BACK TO THE DRAWING BOARD

This isn’t the first attempt to spruce up the area.

City officials drafted a master plan in February 2009 that called for building a 350,000-square-foot retail complex known as Las Flores, just outside downtown. The shopping center was supposed to appeal to the surrounding Latino community, spanning 30 acres across the street from the new, nine-story City Hall building.

After several stalls in construction, the $100 million plan failed to get off the ground.

But city officials haven’t given up, saying the vacant land could still serve as an anchor in their downtown redevelopment plan. The property is up for sale and at least three developers have expressed an interest in buying it.

Two of the potential buyers would like to build a shopping center, while a third suggested a small soccer stadium that might house a minor-league team, Barron said.

“I don’t think it’s all going to happen overnight,” Barron said. “It’s going to take us awhile, but I think we’re headed in the right direction.”

Also near City Hall, four national retailers are poised to move alongside Conn’s furniture store at the Fiesta Plaza shopping complex, Agora Realty & Management CEO Cary Lefton said.

While declining to name the new outlets, Lefton said he wanted to help beautify downtown by refurbishing the 200,000-square-foot Fiesta Plaza shortly after his company spent $12.95 million last year to purchase the property.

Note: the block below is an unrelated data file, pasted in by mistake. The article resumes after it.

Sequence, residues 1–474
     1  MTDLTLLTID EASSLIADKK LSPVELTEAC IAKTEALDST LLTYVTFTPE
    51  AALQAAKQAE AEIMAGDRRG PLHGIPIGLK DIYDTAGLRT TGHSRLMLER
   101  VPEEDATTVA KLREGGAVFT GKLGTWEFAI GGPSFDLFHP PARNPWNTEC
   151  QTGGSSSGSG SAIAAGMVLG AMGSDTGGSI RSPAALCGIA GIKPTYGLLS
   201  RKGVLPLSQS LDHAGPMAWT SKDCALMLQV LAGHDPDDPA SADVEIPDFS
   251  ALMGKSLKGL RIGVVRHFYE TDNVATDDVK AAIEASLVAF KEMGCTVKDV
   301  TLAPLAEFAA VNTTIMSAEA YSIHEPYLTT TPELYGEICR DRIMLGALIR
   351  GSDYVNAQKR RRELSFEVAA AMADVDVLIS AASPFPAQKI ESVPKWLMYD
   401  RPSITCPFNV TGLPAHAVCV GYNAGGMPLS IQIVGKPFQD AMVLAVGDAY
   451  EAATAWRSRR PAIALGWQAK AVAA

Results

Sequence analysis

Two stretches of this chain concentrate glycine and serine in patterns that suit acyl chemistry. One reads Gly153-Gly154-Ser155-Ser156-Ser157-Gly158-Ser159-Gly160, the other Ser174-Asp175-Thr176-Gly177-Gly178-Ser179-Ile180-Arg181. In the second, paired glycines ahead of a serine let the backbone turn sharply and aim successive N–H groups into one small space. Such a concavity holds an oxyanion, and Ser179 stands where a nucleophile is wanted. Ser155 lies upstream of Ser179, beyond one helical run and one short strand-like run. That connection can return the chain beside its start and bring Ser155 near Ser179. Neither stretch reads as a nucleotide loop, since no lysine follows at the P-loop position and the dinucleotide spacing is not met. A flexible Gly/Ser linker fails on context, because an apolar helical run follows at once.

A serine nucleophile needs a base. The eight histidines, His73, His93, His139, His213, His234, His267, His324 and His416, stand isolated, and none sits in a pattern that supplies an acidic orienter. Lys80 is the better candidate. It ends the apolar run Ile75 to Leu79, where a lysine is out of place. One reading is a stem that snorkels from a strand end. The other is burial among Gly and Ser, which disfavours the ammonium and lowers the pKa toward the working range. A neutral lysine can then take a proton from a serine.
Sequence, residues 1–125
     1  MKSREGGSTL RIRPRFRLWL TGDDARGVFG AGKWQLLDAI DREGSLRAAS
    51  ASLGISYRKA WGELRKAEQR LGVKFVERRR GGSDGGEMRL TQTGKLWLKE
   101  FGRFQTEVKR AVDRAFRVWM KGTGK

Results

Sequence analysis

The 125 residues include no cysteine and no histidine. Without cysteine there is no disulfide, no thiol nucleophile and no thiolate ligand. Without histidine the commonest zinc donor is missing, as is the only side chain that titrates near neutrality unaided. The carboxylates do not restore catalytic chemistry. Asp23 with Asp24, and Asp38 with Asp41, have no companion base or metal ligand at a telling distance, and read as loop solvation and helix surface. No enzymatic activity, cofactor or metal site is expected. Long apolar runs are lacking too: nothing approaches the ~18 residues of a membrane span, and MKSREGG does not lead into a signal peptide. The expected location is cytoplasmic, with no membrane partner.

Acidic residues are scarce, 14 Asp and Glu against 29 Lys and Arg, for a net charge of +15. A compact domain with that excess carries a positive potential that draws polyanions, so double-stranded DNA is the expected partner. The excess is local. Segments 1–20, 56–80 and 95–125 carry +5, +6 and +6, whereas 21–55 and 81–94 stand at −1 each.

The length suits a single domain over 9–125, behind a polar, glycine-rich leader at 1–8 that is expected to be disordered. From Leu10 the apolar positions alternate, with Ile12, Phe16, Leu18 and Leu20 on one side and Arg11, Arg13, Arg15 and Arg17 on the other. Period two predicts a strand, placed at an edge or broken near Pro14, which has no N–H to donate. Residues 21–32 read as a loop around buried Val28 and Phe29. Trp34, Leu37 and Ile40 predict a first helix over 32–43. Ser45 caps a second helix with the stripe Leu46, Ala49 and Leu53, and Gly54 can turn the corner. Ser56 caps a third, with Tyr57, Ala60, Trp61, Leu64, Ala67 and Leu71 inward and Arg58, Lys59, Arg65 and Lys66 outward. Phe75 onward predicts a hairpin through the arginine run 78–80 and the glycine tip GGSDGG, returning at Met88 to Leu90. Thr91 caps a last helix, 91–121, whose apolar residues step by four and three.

“No one wants to be the pioneer in a project like this, but the city is cleaning up the commercial corridors and fighting the stigma of a low-income neighborhood,” Lefton said. “There are different rays of light with everyone working together to improve the area.”

BITS OF BEAUTY

Many of houses in the downtown area were built between the 1930s and 1950s, making it a challenge to tamp down on blight and keep the structures up to code.

Although crime isn’t necessarily higher than other areas of the city, the neighborhood has problems with vandalism that city crews work to repair daily.

“The neighborhood is rough, but it isn’t dangerous,” said Ray Yousef, a manager at the Knotty Pine Motel on Las Vegas Boulevard.

“It can definitely be controlled if better things come in, like what happened with downtown Las Vegas,” Yousef said. “People want something to see, they want a reason to stay here.”

Small signs of neighborhood beautification are already emerging. Nineteen traffic utility boxes were recently wrapped with glossy images of landscapes and children playing outdoors, under a $10,450 plan to deter graffiti.

By next year, crews are scheduled to widen sidewalks, install medians and add landscaping along Las Vegas Boulevard in an attempt to reduce traffic speeds between Tonopah and Carey avenues.

“Visually, I’d like to see North Las Vegas become brighter and have some aesthetics that will liven things up,” said County Commissioner Lawrence Weekly, who lives in the city. “When the community starts seeing improvements in the urban core, they’ll feel a sense of pride.”

Contact Art Marroquin at amarroquin@reviewjournal.com or 702-383-0336. Follow @AMarroquin_LV on Twitter.